Women’s shoes became more delicate and pretty over the past decades simply because they were more visible with short dresses. For daytime use, the low hee lace-up oxford shoe in brown, white or black was worn everyday. For something a little nicer for going out or dressing up it was the classic mary jane heel with a single strap across the front. The T strap heel is the most famous evening shoe because it held onto the foot while dancing the Charleston. They often came in black and gold or silver hand painted designs to really stand out on the dance floor. There were slip on pumps inspired by colonial-era shoes and multip strap heels int he early 20s.
1918 was the last year of the first World War. With it began a change from war time austerity to freedom in dress and fit and color. Both women’s and men’s 1918 fashion were at a pivoting point, lasting until 1922 when the roaring twenties changed things again. For women, fashion was looser with shorter … Read More about Fashion in 1918 – Women and Men During WW1
Danielle Bernstein’s ‘We Wore What’ has an interesting approach that focuses on style, fashion, and just that. You’d realize that her posts are often full angle shots, with barely close angle pictures, because she is someone who believes that she loves fashion, so everything else can take a backseat. She wants her followers to focus on her outfits, and we think it brings an excellent perspective to the table. With over a million followers that get a dose of her everyday outfits, she is an unstoppable force.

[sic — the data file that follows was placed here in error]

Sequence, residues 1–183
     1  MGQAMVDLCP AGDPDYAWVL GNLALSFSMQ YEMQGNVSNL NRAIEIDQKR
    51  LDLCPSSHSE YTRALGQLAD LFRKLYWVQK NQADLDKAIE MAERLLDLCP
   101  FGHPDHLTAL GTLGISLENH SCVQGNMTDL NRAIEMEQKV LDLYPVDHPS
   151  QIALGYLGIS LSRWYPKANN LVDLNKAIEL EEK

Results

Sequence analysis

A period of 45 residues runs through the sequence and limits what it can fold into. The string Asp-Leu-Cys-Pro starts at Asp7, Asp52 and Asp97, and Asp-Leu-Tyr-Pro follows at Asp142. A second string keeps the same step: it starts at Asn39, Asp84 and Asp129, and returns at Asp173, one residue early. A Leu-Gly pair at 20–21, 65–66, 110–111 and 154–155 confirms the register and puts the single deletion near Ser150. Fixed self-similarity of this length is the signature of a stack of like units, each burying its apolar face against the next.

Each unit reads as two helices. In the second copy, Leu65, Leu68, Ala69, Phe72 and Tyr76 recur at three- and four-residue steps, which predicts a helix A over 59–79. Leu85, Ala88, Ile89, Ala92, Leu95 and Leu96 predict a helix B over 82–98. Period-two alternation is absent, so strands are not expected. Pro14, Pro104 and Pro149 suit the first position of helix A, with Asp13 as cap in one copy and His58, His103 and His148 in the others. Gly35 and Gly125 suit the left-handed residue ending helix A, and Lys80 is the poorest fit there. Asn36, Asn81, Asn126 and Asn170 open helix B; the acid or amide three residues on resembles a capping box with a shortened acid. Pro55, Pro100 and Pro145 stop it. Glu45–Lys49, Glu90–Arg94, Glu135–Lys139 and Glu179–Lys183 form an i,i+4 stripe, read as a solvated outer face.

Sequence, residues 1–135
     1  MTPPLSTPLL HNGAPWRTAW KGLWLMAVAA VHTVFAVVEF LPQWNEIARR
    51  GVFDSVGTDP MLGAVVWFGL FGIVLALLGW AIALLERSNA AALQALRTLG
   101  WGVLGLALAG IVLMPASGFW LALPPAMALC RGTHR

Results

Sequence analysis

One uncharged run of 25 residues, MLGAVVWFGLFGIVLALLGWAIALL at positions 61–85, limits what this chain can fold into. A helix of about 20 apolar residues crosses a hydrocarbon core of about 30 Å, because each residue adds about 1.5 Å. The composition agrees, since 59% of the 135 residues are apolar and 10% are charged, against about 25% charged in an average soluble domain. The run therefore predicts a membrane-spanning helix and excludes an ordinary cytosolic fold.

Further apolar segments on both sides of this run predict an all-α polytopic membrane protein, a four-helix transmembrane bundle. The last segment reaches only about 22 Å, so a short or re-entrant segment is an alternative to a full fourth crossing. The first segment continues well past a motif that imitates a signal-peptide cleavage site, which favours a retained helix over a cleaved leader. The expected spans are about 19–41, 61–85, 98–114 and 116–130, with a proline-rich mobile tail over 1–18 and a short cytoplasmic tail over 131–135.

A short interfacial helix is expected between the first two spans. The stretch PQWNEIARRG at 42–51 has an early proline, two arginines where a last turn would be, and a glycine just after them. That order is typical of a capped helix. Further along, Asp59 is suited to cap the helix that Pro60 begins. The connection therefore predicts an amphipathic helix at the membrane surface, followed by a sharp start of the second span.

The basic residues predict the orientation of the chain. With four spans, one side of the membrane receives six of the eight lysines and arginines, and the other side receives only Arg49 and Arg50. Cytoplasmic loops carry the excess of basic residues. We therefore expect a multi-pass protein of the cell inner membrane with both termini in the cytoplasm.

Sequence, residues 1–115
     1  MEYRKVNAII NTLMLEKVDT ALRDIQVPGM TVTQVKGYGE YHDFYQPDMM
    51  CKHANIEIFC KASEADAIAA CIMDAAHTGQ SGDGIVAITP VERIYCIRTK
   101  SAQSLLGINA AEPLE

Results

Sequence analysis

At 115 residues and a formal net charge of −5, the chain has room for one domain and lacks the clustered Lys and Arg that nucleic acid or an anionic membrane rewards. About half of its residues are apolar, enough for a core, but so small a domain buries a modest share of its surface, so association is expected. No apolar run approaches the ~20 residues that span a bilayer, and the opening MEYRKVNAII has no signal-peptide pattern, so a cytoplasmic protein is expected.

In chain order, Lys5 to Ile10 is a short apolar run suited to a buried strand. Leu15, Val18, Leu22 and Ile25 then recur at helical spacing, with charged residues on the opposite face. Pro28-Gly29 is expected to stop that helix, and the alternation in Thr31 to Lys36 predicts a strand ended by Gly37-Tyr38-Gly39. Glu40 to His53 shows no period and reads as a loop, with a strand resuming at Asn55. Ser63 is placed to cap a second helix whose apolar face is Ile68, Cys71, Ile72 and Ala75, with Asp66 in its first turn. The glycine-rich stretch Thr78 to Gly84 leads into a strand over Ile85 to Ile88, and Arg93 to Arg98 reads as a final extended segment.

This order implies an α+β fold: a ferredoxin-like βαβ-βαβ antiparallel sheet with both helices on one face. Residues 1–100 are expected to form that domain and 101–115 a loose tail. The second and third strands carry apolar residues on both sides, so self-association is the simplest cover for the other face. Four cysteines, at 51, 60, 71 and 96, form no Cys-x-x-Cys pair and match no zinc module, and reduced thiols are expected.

In the early 1920s, bows weren’t necessary prominent features on women’s coats, but by the mid twenties, Paris had cabled the world to let them know: bows are in. Depending on the budget, a woman would generally choose between wool velour and fur. A particularly nice coat might be made of all-wool Venise Bolivia, with a Paris bow and buckle that fastened in front of the left hip.
The work of Mary Winkler (aka Acrylicana) is vivid and whimsical. It's often child-like in theme, depicting sweets, fanciful creatures and rainbows as well as exploring the world of fashion and garment in illustrated form. Done in a variety of media, including digital, acrylic, watercolour and ink, Mary's work is pop art, graphic and, for lack of a better word, sparkly. Her work is painted on canvas, a variety of papers or printed by way of giclee ink jet or silk screen (usually onto fabric for pouches/bags). Mary studied Illustration at College for Creative Studies in Detroit, Michigan.